The Way to Stay Out of Debt
IN THESE changing times, managing family resources can be a challenge. How can you meet the challenge successfully?
The answer is not necessarily more income. Financial experts say that the answer has to do with having a sense of where the money is coming from and where it is going as well as with being willing to make informed decisions. To do this, you need a budget.
Overcoming Resistance to a Budget
Budgets, however, “conjure up all sorts of images of dreariness,” says financial adviser, Grace Weinstein. So, many people simply will not make one. Some also associate the need for a budget with a low income or a lack of education. But even professionals with high incomes have money problems. A financial counselor says: “One of my first clients made $187,000 a year . . . Their credit card debt alone was just under $95,000.”
Michael, mentioned previously, was reluctant to seek financial advice for another reason. He admits: “I was afraid that others would view me as naive and foolish.” But such fear is unfounded. Managing money and making money call for different skills, and most people are not trained to manage money. A social worker points out: “We graduate from high school knowing more about an isosceles triangle than how to save money.”
Budgeting, though, is relatively easy to learn. It involves making a list of income and a list of expenses—and then keeping the expenses within the income. Actually, making up a budget can be enjoyable, and living by it can be satisfying.
Let us start by making a list of income. For most of us, this should be easy because it generally involves only a few items—salary, interest from a savings account, and so forth.
But do not count on income that is uncertain, such as that from overtime pay, bonuses, or gifts. Financial consultants warn that planning on uncertain sources of income can get you into debt. If such revenues do materialize, you may choose to use the money to treat yourself and the family, to help others in need, or to contribute to a worthy cause.
Making a list of expenses, however, can be a bit more tricky. Robert and Rhonda, mentioned in the previous articles, could not understand where their hard-earned money was going. Robert explains how they solved the problem: “For one month we each carried a piece of paper and wrote down every single penny we spent. We even wrote down the money spent on a cup of coffee. And at the end of each day, we entered the amounts in the budget book I had purchased.”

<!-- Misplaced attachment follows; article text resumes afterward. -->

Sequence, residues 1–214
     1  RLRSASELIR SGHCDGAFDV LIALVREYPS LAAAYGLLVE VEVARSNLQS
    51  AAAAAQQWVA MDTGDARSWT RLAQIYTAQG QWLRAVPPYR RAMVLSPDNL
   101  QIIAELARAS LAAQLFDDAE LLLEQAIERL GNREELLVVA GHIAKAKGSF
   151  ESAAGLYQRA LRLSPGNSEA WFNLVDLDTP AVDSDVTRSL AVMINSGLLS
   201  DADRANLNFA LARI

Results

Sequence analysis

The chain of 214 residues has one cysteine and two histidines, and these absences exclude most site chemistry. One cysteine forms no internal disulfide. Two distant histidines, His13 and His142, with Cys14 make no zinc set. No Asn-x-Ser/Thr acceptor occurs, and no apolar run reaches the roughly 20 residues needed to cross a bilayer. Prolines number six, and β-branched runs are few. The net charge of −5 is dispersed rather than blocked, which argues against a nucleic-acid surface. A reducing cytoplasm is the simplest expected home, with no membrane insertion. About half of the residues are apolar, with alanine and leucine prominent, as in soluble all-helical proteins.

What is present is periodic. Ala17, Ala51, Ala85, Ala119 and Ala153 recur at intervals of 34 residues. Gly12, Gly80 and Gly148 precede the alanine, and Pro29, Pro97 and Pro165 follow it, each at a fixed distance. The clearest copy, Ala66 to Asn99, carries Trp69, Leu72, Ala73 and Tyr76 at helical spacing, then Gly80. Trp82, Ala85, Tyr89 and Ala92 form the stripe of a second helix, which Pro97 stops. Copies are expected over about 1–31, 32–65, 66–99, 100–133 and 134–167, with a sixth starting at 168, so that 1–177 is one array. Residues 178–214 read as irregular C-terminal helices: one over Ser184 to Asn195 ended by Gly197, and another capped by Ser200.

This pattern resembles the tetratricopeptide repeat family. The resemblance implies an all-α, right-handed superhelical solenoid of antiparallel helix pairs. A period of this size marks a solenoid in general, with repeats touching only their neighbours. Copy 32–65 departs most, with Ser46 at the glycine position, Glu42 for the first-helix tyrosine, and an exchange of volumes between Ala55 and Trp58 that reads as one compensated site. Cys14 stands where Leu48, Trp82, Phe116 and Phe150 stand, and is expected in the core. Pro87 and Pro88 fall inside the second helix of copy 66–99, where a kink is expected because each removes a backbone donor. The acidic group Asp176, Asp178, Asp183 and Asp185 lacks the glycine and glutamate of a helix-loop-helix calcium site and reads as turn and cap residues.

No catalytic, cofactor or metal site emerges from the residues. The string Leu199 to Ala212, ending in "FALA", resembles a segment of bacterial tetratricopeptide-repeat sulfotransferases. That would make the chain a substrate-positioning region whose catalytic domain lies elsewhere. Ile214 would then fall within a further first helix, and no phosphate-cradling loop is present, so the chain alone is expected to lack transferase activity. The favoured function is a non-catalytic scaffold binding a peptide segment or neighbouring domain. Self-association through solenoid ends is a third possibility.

Conscientiously recording everything you spend will help you locate any ‘mystery money’ that seems to slip away. If you know your spending habits, however, you may decide to bypass keeping a detailed itemization of what you spend each day and go ahead with a list of monthly expenditures.
Listing Monthly Expenses
You may want to work up a chart similar to the one shown above. In the “Actual Spending” column, enter the amount you currently spend for each item. Limit the number of main categories, using headings such as “food,” “housing,” and “clothing.” However, do not omit pertinent subcategories. For Robert and Rhonda, a large part of their money was going toward eating out, so separating “eating out” from “groceries” proved helpful. If you enjoy extending hospitality to others, this too can be a subcategory under “food.” The idea is to make the chart reflect your individuality and preferences.
When working up your chart, do not forget quarterly, semiannual, annual, and other periodic expenses, such as payments for insurance and taxes. To include them in the monthly chart, though, you will have to divide the amount by the appropriate number of months.
An important item in a list of expenses is “savings.” While many may not think of savings as an expense, you will wisely budget some of your monthly income for emergencies or special purposes. Grace Weinstein emphasizes the importance of including savings in your list of expenses: “If you can’t manage to save at least 5 percent of your after-tax income (and that’s a bare minimum), you’ll have to take harsher measures. Cut out your use of credit, rearrange your style of living, and get down to basics.” Yes, make a point to include savings in your monthly budget.
For a cushion during a period of possible unemployment, it is now commonly recommended that you try to establish readily available savings of at least six months’ earnings. “If you get a raise,” says a fiscal adviser, “save half of it.” Do you feel that it is impossible for you to save?
Consider Laxmi Bai, who like many in rural India is very poor. She started to put away in an earthen pot a handful of rice from the daily portion she cooked for her family. Periodically, she would sell the rice and deposit the money in the bank. This was a step toward getting a bank loan to help her son set up a bicycle-repair shop. Such small savings have made big differences in the lives of many, reports India Today. This has made economic independence a reality for some.
However, balancing a budget is more than making a list of income and expenses. It involves keeping expenses within income, which may call for cutting back on your spending.
Is It Essential?